Grow Ammobium for Fresh and Dried Flowers and Wreaths
Ammobium, Winged Everlasting (Ammobium elatum)
Ammobium is a little-known flower. It’s tough and easy to grow providing long stems to work in many bouquets, tall and short. It can be used as a fresh bouquet filler or as a dried flower in dried bouquets and in wreaths, adding its starry white papery flowers for lightness and texture.
It’s a tender perennial, which means it’s a perennial in USDA zones 9-10, and will likely die in winters in colder zones. If you live in colder zones you’ll treat it like an annual. I live in Zone 9a, it snows and we have plenty of hard frosts. My plants have been under snow for a 3-4 weeks at a time and survive well. Any year you may have some plants make it through the winter.
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It comes from Australia.
Ammobium plants and flowers
The plant is a low-growing basal cluster of light green foliage with a whitish underside. The stems reach up to about 2 ft. tall with some short branches.
The flowers are bright white, papery bracts for petals (like strayflowers), with sunny yellow centers. Many stems grow on the little plants and they keep coming through the summer.
It’s called winged everlasting because the stems have a round core with flat panels coming out alongside the core. Kind of like wings.
And they’re good for drying. Except, they need to be harvested before it’s too late for the prettiest results. See Harvesting below.
The flowers support a wide variety of pollinators and beneficial insects so you can get some natural pest protection from them.
How to grow Ammobium
Zones 9-10 for perennial use, lower than zone 9 you may need to treat as an annual; full sun; ordinary, to good garden soil, well-drained, which means they don’t want too much water.
Ammobium is easy to start from seed. Start them in late winter to early spring in a spot that’s protected from frost and severe weather.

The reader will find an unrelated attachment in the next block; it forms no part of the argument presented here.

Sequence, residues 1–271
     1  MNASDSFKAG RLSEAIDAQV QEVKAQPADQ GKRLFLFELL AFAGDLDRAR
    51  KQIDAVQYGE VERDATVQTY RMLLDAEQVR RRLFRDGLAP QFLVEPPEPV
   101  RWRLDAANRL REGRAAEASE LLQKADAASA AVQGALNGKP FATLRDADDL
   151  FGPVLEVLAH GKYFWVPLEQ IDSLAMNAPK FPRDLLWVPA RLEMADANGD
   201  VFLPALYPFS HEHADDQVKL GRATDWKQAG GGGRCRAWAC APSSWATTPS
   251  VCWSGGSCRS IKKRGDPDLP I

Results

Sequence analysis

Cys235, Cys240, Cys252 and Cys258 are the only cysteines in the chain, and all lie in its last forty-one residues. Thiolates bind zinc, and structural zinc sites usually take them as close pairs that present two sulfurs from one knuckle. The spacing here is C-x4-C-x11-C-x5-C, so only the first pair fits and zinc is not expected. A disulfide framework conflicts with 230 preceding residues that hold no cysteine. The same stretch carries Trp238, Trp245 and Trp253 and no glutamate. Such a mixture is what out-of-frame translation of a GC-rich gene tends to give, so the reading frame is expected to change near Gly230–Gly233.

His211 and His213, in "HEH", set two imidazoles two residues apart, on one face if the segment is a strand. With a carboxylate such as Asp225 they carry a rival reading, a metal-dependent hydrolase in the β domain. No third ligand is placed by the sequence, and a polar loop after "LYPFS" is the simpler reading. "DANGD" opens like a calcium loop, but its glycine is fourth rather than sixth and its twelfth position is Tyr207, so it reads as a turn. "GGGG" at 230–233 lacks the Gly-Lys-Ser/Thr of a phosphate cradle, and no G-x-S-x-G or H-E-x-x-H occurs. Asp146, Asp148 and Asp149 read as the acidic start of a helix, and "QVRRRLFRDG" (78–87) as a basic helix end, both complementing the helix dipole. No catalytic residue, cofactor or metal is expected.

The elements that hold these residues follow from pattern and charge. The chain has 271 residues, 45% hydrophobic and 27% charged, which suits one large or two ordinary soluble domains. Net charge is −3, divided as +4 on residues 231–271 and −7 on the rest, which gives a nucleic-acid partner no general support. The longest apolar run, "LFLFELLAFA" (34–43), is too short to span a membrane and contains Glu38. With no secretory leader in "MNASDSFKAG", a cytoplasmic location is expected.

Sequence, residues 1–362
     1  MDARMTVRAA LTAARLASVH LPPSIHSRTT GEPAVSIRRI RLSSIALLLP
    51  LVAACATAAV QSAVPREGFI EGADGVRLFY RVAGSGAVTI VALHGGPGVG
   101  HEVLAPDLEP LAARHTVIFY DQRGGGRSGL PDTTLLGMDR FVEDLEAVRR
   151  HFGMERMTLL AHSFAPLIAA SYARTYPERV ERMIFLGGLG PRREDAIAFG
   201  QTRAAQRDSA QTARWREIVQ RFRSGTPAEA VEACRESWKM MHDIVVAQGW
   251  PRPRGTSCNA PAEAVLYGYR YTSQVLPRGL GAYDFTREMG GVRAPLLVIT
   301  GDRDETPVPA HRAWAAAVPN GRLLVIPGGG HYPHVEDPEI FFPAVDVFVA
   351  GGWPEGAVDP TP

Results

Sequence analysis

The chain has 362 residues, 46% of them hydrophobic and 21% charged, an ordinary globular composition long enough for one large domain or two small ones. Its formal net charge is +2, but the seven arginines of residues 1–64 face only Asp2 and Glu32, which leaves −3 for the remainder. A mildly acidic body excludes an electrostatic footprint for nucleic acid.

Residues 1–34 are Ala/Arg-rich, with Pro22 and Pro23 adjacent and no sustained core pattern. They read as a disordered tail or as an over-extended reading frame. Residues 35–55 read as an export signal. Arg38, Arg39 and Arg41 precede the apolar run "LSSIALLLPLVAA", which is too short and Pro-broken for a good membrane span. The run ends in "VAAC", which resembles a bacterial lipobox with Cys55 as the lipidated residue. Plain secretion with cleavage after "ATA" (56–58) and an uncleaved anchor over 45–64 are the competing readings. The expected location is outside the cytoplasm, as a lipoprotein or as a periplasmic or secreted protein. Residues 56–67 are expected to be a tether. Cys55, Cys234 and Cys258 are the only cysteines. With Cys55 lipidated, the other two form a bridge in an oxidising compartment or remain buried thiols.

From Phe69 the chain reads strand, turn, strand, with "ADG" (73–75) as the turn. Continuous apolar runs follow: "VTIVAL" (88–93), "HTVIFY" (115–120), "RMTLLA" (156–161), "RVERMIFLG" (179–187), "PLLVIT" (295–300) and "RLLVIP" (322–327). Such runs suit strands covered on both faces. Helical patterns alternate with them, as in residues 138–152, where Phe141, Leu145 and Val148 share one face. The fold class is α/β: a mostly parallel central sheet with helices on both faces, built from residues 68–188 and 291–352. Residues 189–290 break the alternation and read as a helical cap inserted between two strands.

How to harvest the flowers
The stems are nice and tall and easy to cut from the basal foliage.
It’s best to harvest before the centers are showing. When used in a fresh bouquet the flowers will open and the yellow centers will be revealed. And they’re pretty either way.
But when you want the flowers for dried use, you’ll need to keep this in mind: if the yellow center is showing at harvest it will turn to a dark blackish-brown when it’s dried. Even if the flower is close to showing its center, it will open as it dries. And turn blackish-brown. So you need to pick the flower well before it will bloom, but not when it’s immature. You’ll get a feel for it with practice.
But you may be fine with the dark color of the center, and some people are. I see them in many arrangements that way. My preference is to use the starry-looking flowers to dot my dried creations and the dark centers take away from the effect. So it’s really a personal preference.
How to dry the flowers
Tie into small bundles and hang in a warm, airy, dark place. Or dry partially and work into wreaths while their stems are still supple enough to bend.
Winged everlasting has been spared from hybridizing and development. So it’s offered only as seed of the straight species.
Sources for Ammobium seeds
These are only available as seeds. Unless you find a local specialty flower grower at a plant sale. Here some sources:
Flowers to go with Ammobium
Nice big daisies in shades of pink to whites go nicely with Ammobium flowers in spring.
This pretty drying flower has papery petals like Ammobium and goes well with it especially in dried arrangements.
This perfect bouquet filler also makes a perfect drying flower. lasts well in the vase.
Another excellent flower that’s good fresh or dried. It’s perfect for wreath-making, and dried florals.
This Artemisia is a wonderful foliage plants that dries well for bouquets and wreaths, and is great fresh, too!
Works fantastically in dried arrangements, wreaths, and in fresh bouquets.